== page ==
Several speakers, including House Minority Whip Steve Scalise (R-La.), said the impeachment effort suggests Democrats intend to use Congress to remove the president because they fear another possible loss at the ballot box next year. Some characterized the process as an attempted “coup.”
“They are running scared. Why? Because you are America, and you have the president’s back,” Sebastian Gorka, a former Trump aide, told the crowd. “This fake impeachment has one purpose — to nullify the votes of 63 million Americans: white, brown, yellow, all Americans together. Enough of the swamp!”
Flags and banners whipped in the blustery weather as other speakers and demonstrators attacked what they called a “deep state” conspiracy involving Democrats, federal bureaucrats and the media to undermine Trump.
People wore “Make America Great Again” caps and T-shirts saying, “If you don’t like Trump, you probably won’t like me. And I’m ok with that.” A moment of silence was observed for Rep. Elijah E. Cummings (D-Md.), who died Thursday at the age of 68 in a Baltimore hospice center, before several speakers took turns venting about Trump’s opponents, characterizing them as socialists or communists.
“I call them Dumbycrats,” said Kerry-Ann O’Connor, 54, who said she took time away from being her mother’s caretaker (with her mother’s blessing) to travel from Chicago. “When I’m really mad, I call them ‘Damnocrats.’ These people, they want to destroy the country.”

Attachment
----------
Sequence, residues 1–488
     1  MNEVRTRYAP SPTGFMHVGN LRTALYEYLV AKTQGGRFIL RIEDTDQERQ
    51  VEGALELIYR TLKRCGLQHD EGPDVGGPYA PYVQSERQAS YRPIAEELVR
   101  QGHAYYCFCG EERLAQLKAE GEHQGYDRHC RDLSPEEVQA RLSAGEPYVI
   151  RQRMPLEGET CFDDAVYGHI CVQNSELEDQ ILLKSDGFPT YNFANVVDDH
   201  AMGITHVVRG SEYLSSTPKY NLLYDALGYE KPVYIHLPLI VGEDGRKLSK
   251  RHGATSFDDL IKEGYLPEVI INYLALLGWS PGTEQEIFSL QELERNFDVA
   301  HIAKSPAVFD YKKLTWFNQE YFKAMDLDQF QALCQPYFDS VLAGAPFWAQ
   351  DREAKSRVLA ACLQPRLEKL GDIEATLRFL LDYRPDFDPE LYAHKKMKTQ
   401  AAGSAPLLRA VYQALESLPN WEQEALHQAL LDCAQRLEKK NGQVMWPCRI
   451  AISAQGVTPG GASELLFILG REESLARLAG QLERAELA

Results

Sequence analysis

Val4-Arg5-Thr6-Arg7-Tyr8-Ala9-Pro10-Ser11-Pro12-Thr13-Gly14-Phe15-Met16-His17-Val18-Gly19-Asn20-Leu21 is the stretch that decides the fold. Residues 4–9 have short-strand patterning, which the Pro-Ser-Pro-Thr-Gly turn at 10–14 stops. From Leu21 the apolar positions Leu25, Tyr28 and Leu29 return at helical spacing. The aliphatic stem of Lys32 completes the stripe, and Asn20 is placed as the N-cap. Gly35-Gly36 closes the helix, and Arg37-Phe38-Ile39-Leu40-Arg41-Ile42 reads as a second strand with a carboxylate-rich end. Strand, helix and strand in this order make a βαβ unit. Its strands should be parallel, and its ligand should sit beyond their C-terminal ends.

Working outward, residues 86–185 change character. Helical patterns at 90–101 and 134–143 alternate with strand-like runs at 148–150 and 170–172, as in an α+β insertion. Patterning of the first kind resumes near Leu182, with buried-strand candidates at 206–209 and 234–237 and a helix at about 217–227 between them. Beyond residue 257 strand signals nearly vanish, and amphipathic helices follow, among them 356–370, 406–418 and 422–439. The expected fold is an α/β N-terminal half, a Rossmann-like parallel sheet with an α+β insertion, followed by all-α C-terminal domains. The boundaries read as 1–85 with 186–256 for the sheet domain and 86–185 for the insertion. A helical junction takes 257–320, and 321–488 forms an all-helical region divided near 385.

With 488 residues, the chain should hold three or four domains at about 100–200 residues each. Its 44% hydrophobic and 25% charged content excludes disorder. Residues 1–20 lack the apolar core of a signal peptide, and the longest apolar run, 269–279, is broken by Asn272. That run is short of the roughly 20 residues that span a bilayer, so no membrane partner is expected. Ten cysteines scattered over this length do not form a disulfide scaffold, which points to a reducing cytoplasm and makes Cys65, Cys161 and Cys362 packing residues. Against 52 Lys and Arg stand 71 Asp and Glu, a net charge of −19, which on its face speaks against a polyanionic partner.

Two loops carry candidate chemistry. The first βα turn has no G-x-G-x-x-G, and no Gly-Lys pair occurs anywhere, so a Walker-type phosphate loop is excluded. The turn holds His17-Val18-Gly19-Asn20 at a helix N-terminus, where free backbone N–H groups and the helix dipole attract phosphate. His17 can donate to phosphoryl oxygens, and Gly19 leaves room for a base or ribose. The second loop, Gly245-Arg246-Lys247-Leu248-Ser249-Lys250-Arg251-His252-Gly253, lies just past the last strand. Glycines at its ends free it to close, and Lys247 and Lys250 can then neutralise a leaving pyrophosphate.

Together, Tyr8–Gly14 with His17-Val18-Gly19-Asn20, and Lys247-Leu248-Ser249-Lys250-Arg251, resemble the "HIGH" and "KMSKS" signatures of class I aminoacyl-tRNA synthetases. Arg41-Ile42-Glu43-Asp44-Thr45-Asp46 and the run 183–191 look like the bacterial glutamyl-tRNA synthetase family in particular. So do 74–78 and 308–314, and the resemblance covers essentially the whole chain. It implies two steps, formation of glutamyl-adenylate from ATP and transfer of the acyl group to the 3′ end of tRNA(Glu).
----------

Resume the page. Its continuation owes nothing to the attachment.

Many slammed House Speaker Nancy Pelosi (D-Calif.) for failing to hold a floor vote on the impeachment inquiry and overseeing a process that has so far involved taking closed-door testimony about Trump’s efforts to push Ukraine into investigating former vice president and 2020 presidential candidate Joe Biden (D) and Biden’s son Hunter. Trump and his supporters have accused the Bidens of corruption — in tweets, at a profanity-laced campaign rally in Minneapolis and in an ad blitz worth millions of dollars — without offering evidence to support those claims.
Some spoke in conspiratorial tones, alleging opponents had harassed them or attempted to silence them through social media. They implied that dirty tricks of some kind were behind the cancellation of trips by at least six chartered buses from Pennsylvania, North Carolina and New York. James Lyle, an organizer, said it was not clear why the rides had been canceled.
Several times, the crowd broke into chants of “U.S.A.!” and “Build that wall!” There were no counterdemonstrators in sight, though several supporters of the late conspiracy theorist Lyndon A. LaRouche Jr. worked the fringes of the peaceful, if sometimes raucous demonstration on the Capitol’s west lawn.
Jauna Valezquez, a New York resident whose family legally immigrated from the Dominican Republic to the United States when she was a child, said she supported the president’s crackdown on people who try to do the same thing illegally.
“They are definitely stepping over the people who are here already,” she said. “He is the first president who talks about America first.”
Meg Fisher, 64, who owns a landscaping business in Chicago, said Trump has said things that seemed shocking or offensive to her since taking office, but that outrageous and unrestrained style was also why she and many supporters liked him.
“He’s a normal person. People say offensive things to me all the time. I don’t attack them. I turn the other cheek. He’s not politically correct — he’s just correct,” Fisher said. She credited Trump administration policies for a strong economy that has allowed her to take home more pay and pay her workers more while excusing his inability to carry through on some promises — such as building a wall on the U.S.-Mexico border — as the fault of opponents.
“If he had Congress on his side, he’d have the wall done,” Fisher said.